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Gizaa-Gundaa; the community with an entrance gate

BY: Mohammed Fugu
Gizaa-Gundaa; the community with an entrance gate
Gizaa-Gundaa; the community with an entrance gate

When the Chief of the Gizaa-Gundaa community in the Kumbungu District, Sabog-Naa John Mahama Yabdoo, set out to build an entrance gate for the community, many were surprised about it.

His motive was only to ensure easy identification of the community, but the structure has now made the community very popular, with many now referring to it as the “community with an entrance gate”.

It is very rare to see a whole community with an entrance gate in the country. Places mostly seen with such gates are tertiary and senior high schools, hospitals, hotels and estates, popularly referred to as gated communities.

The structure solely funded by the chief is built on the main road leading to the community and painted in blue.

Upon entering the community, one is greeted with “Welcome to Gizaa-Gundaa” boldly written on the structure.

Rationale

Explaining the rationale behind the structure, Naa Yabdoo said he decided to make his community look different from others and also attract visitors, particularly development organisations to the area.

Aside from the entrance gate, he indicated that he had also built a mini roundabout and signposts in the centre of the community to beautify and give directions to the key institutions such as schools, clinics, palace and churches.

“So I decided to spend about GH¢10,000 to construct an entrance to the community. My early decision was to do it in a way that we can have an entrance door and it can be locked and opened to check the movement of people into the community.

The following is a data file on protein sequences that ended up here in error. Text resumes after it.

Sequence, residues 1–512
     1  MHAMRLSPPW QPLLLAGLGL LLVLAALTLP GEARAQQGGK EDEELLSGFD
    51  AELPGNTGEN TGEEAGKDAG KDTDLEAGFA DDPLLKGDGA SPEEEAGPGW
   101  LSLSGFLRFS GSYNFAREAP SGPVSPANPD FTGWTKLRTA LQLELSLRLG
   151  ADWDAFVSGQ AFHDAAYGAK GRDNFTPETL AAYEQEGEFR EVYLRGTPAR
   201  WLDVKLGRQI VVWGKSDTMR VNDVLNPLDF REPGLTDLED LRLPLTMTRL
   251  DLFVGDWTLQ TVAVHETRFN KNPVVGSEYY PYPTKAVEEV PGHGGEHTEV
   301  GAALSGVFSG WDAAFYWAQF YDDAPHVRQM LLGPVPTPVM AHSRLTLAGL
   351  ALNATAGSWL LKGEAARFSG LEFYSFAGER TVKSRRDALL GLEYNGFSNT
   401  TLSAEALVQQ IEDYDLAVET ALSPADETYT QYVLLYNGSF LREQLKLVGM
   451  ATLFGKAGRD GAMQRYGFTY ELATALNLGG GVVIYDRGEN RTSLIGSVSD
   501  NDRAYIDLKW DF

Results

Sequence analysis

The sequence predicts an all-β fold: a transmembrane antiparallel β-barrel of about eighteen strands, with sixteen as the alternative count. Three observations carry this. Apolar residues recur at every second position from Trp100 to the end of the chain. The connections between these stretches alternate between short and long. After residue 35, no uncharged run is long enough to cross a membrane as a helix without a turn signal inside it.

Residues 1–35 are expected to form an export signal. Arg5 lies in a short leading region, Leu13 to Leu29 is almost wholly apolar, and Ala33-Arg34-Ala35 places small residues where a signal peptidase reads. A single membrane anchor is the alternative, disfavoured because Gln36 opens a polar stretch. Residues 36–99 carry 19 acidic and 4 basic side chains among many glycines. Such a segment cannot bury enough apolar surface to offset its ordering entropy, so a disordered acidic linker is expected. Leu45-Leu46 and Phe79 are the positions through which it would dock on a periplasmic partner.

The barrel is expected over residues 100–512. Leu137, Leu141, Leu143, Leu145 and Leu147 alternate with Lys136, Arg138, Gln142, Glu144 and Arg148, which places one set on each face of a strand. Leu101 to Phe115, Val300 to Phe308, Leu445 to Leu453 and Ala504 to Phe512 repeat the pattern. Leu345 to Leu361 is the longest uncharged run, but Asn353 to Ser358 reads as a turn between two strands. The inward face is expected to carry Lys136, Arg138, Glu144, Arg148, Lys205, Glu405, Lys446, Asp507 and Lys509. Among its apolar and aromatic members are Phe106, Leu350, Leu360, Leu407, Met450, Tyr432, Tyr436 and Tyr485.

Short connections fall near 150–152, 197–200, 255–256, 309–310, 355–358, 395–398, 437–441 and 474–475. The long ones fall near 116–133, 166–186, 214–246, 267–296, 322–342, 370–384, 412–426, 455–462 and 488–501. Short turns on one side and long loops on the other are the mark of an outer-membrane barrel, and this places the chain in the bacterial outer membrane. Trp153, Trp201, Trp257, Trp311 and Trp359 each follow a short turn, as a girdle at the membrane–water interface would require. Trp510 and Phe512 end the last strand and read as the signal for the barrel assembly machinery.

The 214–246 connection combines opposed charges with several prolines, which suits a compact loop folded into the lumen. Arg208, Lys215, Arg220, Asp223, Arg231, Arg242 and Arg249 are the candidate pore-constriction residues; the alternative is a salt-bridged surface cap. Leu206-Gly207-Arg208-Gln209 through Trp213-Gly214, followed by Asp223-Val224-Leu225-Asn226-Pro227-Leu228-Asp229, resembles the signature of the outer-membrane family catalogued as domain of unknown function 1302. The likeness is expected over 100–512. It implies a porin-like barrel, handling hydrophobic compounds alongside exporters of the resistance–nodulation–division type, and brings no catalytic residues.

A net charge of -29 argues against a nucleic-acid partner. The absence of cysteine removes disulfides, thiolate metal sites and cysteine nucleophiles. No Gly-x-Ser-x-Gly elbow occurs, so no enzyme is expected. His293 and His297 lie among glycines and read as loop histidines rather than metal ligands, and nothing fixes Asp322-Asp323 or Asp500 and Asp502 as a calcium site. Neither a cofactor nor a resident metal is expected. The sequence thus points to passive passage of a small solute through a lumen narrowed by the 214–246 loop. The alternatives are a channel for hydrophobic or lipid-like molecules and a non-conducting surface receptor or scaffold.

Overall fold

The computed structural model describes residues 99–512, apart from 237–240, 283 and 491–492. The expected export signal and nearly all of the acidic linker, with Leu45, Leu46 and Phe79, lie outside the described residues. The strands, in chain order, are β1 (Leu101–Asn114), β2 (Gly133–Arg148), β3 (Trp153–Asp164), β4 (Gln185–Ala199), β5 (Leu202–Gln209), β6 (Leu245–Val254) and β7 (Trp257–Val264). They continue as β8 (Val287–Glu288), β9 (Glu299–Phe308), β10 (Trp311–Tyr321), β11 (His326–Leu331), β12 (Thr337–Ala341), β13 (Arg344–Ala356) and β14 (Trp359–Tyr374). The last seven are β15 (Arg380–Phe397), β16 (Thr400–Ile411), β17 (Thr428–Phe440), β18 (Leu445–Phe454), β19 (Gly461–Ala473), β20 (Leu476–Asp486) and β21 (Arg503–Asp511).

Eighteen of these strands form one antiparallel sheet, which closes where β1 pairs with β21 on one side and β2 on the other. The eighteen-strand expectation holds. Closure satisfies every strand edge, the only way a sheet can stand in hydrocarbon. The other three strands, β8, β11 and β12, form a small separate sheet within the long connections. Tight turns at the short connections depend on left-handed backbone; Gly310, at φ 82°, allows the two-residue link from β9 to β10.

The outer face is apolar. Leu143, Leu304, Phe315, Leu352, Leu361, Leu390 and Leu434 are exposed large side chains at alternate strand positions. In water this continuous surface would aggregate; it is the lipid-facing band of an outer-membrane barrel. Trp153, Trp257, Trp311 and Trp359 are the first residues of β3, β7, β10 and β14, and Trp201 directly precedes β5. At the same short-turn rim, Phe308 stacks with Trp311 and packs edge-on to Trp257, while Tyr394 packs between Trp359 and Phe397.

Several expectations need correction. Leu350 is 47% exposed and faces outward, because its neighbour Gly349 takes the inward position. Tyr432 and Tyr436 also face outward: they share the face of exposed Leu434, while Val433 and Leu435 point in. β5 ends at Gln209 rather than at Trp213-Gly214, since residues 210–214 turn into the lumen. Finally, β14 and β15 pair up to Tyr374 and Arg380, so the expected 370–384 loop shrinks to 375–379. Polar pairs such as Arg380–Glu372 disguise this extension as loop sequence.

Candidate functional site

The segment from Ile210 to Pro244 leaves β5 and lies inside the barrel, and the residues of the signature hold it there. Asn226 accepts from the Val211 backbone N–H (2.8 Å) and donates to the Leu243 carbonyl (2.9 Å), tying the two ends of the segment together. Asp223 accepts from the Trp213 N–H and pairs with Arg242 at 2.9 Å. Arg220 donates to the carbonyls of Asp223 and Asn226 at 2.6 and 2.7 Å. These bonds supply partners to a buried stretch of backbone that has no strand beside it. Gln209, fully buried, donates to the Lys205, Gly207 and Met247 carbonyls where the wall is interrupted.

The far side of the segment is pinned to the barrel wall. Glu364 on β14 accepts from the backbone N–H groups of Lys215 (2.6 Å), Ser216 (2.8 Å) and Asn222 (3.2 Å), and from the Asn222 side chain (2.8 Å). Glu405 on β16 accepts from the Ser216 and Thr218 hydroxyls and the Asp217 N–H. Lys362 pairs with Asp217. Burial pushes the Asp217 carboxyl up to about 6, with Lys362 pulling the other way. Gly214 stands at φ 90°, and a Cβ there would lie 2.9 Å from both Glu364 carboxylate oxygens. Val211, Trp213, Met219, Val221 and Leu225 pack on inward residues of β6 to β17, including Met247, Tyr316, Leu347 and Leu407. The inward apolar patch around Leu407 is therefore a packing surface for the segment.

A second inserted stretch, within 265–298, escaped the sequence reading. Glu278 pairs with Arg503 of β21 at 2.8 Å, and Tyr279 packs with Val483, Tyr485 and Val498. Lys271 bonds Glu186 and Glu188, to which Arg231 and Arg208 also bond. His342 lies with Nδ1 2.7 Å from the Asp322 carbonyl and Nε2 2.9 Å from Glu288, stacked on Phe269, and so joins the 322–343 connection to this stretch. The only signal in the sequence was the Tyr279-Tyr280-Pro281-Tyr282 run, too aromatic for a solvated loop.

“Though I haven’t been able to fix the gate yet, it is something I will do soon and I will also put up other relevant landmark features,” he stated.

Amenities

Gizaa-Gundaa is a twin community with a population of about 2000, per the 2021 Population and Housing Census. The community lacks basic social amenities such as potable water and school infrastructure.

The chief, therefore, appealed to the government and non-governmental organisations (NGOs) to come to their aid by providing them with social amenities that are lacking in the community, including potable water and classroom blocks.

A development worker, Adam Rashid, who was undertaking a project in the area told the Daily Graphic that “in fact, the chief is doing very well for the community; his vision is very clear and with a little support he will reposition the community.”

A resident, Abdul-Latif Baba, also said the structures put up by the chief had beautified the community and made it unique in the entire district.


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